Today Mandie shares her thoughts on Smoke and Ashes, book three in the Captain Sam Wyndham series by Abi Mukherjee. Mandie is a huge fan of the series and you can read her reviews of the other books, A Rising Man, A Necessary Evil, and Death in the East if you’d like to take a look and see just how much! Here’s that this book is all about.
About the Book
India, 1921. Captain Sam Wyndham is battling a serious addiction to opium that he must keep secret from his superiors in the Calcutta police force.Available from: Amazon | Kobo | Waterstones | Googleplay | Apple Books
But Wyndham finds himself in a tight spot when he stumbles across a corpse in an opium den. When he then comes across a second body bearing the same injuries, Wyndham is convinced that there’s a deranged killer on the loose.
However, revealing his presence in the opium den could cost him his career.
As Wyndham and Sergeant ‘Surrender-not’ Banerjee set out to solve the two murders, Wyndham must tread carefully, keeping his personal demons secret, before someone else turns up dead…
Now if you have been brave enough to read any of my other reviews for the books in the Sam Wyndham series you might get the idea I am a little bit of a fan ( I may have all the books in every available format). That being said it has taken me ages to get round to writing the review for this the third book in the series (that’s because I am lousy at writing reviews, having read the book over Christmas last year) but as book four is now out in publication I thought it was about time that I let you know what I thought of Smoke and Ashes.
Set at the end of 1921, India is changing, and the British do not have quite the control they once had, and it shows. Sam is becoming more drawn into his opium addiction and it is getting harder to hide it from those in authority. When an opium den is raided while he is there, he manages to escape but comes across a body of a murdered man. Later he is called to investigate the murder of a nurse that bears the same MO as the man he had seen. As more murders occur Sam is left trying to find the connection. Once again, he is assisted by Sergeant Banerjee, who himself is battling personal conflict as his family are supportive of the movement to take back control of India, so working for the Imperial Police force does not sit well with them.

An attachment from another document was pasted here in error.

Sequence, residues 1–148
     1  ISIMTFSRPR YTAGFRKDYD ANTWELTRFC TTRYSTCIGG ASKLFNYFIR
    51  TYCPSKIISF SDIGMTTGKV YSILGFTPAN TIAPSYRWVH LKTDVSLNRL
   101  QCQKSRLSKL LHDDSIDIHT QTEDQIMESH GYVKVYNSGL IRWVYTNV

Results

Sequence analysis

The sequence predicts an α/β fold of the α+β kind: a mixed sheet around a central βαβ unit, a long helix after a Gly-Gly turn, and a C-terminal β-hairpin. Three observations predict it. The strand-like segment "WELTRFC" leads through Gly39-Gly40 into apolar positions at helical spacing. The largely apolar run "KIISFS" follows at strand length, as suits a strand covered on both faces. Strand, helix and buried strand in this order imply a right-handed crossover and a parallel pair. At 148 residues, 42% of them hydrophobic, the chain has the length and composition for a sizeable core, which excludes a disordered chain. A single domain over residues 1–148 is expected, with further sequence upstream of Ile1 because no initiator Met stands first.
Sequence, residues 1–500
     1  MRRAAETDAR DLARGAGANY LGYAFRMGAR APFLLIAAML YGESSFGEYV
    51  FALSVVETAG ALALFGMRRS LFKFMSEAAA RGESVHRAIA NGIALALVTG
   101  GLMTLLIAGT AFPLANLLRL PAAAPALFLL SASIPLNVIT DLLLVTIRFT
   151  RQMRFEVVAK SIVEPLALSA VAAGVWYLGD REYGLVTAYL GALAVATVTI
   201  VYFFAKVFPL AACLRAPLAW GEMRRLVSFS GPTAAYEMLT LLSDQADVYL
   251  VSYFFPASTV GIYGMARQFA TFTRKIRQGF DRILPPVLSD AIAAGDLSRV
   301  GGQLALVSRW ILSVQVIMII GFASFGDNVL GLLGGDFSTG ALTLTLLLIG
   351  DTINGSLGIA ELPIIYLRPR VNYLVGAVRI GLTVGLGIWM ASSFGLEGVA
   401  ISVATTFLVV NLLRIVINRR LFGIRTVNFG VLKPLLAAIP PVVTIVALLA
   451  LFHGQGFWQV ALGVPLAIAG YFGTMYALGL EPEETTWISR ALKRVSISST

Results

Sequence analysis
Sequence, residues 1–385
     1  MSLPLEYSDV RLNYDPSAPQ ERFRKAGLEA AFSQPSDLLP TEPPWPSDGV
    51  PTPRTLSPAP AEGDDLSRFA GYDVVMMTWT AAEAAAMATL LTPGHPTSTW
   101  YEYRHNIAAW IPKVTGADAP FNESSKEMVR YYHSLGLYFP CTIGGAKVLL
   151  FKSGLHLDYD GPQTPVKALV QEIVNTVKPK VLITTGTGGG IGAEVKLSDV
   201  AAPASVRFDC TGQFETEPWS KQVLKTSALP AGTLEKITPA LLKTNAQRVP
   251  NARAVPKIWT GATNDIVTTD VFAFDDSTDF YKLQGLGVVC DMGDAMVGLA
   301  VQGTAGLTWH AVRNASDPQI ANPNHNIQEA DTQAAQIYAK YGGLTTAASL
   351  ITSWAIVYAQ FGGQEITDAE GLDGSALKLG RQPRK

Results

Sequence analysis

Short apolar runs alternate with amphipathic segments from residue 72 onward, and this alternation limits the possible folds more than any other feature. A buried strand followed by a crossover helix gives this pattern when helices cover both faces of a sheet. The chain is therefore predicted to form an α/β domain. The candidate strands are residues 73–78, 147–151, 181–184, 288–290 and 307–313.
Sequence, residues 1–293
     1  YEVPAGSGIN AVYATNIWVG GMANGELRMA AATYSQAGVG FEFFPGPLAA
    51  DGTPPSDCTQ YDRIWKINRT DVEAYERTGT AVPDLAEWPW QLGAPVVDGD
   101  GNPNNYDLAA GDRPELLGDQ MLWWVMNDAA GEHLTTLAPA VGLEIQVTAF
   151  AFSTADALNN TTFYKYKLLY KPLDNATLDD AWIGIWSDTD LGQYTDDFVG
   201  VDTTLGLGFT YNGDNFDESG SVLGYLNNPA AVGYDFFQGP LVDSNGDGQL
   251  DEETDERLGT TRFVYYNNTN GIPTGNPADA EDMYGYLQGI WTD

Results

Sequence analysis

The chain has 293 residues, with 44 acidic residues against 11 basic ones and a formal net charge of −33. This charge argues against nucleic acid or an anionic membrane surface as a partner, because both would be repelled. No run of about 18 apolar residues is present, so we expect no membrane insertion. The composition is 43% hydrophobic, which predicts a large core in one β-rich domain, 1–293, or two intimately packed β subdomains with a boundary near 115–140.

What I love most about these books is that the author has a way of describing a different time and place that really gives the reader a sense of India under British rule. There is no bias for or against either side as he shows the good and the bad of that era. Whilst the main character is heavily flawed and haunted by many demons, he still goes above and beyond in his investigations, sometimes, in an attempt to compensate for his personal shortcomings. His friendship with Surrender-Not is also changing. With the pressure from his family and also the constant need to protect Sam from both himself and their bosses, he is often torn between his beliefs, his duty and his friend. In reality theirs is a friendship that goes against everything both in rank in the force and station in life based on their birth and the awkwardness that shows bears testament to this.
The premise for this the latest in the series is actually based on true events that occurred, although a little later in history and that I think is what I find the most intriguing and disturbing in equal measure but is also part of the reason why I am such a big fan of the author and his writing. History has always been a big thing for me but there is only so much you will learn in school.
Through this series I have been given a whole new area of the past to google and investigate whilst also being able to indulge in my love of crime fiction. Even if you think that historical fiction is not your thing, you really should give this series a go as I don’t think you would be disappointed.
About the Author
Abir Mukherjee grew up in the west of Scotland. At the age of fifteen, his best friend made him read Gorky Park and he’s been a fan of crime fiction ever since. The child of immigrants from India, A Rising Man, his debut novel, was inspired by a desire to learn more about a crucial period in Anglo-Indian history that seems to have been almost forgotten. A Rising Man won the Harvill Secker/Daily Telegraph crime writing competition and became the first in a series starring Captain Sam Wyndham and ‘Surrender-not’ Banerjee. It went on to win the CWA Historical Dagger and was shortlisted for the Theakstons Old Peculier Crime Novel of the Year award. Abir lives in London with his wife and two sons.